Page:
Summary and book reviews of The Gift of Rain by Tan Twan Eng

The Gift of Rain

A Novel

By Tan Twan Eng

The Gift of Rain
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  • Hardcover: May 2008,
    448 pages.
    Paperback: May 2009,
    448 pages.

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Book Reviewed by:
Kim Kovacs

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About this Book

Book Summary

Written in lush, evocative prose, The Gift of Rain spans decades as it takes readers from the final days of the Chinese emperors to the dying era of the British Empire, and through the mystical temples, bustling cities, and forbidding rain forests of Malaya.

In 1939, sixteen-year-old Philip Hutton—the half-Chinese youngest child of the head of one of Penang’s great trading families—feels alienated from both the British and Chinese communities. He discovers a sense of belonging in his unexpected friendship with Hayato Endo, a Japanese diplomat who rents an island from his father. Philip proudly shows his new friend around his adored island of Penang, and in return Endo teaches him about Japanese language and culture and trains him in the art and discipline of aikido.

But such knowledge comes at a terrible price. As World War II rages in Europe, the Japanese savagely invade Malaya, and Philip realizes that his mentor and sensei—to whom he owes absolute loyalty—is a Japanese spy. Young Philip has been an unwitting traitor, and he is forced into collaborating with the Japanese to safeguard his family. He turns into the ultimate outsider, trusted by none and hated by many.

Tormented by his part in the events, Philip risks everything by working in secret to save as many people as he can from the brutality of the invaders. The Gift of Rain is shot through with universal themes, a novel about agonizingly divided loyalties and unbearable loss. But it is also about human courage and—ultimately—about the nature of enduring loyalty.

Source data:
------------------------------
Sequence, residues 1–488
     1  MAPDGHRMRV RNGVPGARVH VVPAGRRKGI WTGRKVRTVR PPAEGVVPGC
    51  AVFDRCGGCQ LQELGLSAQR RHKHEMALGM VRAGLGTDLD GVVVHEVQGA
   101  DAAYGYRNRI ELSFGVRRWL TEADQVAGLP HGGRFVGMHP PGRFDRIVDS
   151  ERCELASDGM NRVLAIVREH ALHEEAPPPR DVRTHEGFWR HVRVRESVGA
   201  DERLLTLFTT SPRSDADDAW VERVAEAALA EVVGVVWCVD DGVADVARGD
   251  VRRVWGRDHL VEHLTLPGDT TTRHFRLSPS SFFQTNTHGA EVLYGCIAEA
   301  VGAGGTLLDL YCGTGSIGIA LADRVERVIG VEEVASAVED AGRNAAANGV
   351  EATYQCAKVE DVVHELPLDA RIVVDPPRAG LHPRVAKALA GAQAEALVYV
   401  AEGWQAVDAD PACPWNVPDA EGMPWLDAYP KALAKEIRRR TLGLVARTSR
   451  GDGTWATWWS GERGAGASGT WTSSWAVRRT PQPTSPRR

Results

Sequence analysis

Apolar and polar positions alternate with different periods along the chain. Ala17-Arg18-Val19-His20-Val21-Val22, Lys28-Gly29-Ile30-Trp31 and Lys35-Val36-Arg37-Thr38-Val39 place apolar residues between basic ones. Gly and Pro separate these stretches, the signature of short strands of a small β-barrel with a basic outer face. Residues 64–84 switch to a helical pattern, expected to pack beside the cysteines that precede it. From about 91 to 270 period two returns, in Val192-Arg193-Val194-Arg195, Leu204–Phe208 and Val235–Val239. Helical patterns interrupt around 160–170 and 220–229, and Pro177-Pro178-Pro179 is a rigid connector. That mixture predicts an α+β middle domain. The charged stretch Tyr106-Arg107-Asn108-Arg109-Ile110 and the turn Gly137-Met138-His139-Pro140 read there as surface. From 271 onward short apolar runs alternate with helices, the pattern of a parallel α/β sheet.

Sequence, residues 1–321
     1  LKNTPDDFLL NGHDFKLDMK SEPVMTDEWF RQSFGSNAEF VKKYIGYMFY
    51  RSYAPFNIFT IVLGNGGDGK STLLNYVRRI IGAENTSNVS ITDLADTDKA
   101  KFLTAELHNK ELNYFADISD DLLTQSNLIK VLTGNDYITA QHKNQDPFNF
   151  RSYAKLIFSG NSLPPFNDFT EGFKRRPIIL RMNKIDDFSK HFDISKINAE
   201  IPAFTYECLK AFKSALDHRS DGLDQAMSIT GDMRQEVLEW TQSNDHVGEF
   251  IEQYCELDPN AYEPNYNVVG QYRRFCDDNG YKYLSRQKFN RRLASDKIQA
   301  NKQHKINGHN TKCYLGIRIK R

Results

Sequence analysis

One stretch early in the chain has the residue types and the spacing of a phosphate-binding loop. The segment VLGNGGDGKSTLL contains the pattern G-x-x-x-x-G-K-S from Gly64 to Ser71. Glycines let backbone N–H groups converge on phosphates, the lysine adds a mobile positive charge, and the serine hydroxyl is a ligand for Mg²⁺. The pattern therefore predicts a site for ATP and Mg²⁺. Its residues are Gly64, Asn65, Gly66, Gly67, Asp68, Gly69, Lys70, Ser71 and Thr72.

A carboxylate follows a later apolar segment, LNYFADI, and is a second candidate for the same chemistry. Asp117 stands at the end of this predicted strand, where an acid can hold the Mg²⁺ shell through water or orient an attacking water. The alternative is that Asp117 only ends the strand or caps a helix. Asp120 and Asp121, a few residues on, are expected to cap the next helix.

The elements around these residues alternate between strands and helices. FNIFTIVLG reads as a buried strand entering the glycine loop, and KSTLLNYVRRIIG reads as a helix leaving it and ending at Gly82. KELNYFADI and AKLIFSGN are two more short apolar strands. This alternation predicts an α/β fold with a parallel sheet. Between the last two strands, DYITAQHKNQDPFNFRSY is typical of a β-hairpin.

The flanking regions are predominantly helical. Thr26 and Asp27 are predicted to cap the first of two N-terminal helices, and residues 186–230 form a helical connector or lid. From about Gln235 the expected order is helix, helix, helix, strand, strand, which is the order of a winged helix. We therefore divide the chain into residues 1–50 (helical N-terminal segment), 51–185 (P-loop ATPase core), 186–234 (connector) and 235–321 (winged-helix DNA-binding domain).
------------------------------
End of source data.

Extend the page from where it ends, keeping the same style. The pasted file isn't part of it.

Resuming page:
Excerpt
The Gift of Rain

Endo and I finished our meal of raw fish and rice wrapped in dried seaweed. It was late when his chauffeur returned us to Istana. As he walked down the steps to the beach he said, “I would like to know more of Penang. Will you show me around?”

“Yes,” I said, pleased that he had asked me.

That was how I became his guide, taking him around the island. He wanted to look at temples first, and I knew immediately which one to show him.

Endo-san was fascinated by the Temple of Azure Cloud, where hundreds of pit vipers took up residence, coiled around incense holders and the eaves and crossbeams of the roof, inhaling the smoke of incense lit by worshipers.

He bought a packet of joss sticks from a monk and placed them in the large bronze urn after whispering a prayer. Plates of eggs had been left on the tables as offerings for the snakes. I stood around, uncertain. Religion had never played a large part in my life. My mother had been a ...

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Reviews

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The real meat of the story is in the novel's second half. The Japanese invade, and Phillip finds himself with conflicting loyalties. Every decision he makes is, in its way, both right and wrong. There is no white or black here, only shades of gray. It's the moral dilemmas Phillip faces and how he confronts them that move this novel from a good first effort into the "must-read" category. The story becomes very fast-paced and cinematic. It is by turns heartbreaking, brutal, and moving.   (Reviewed by Kim Kovacs).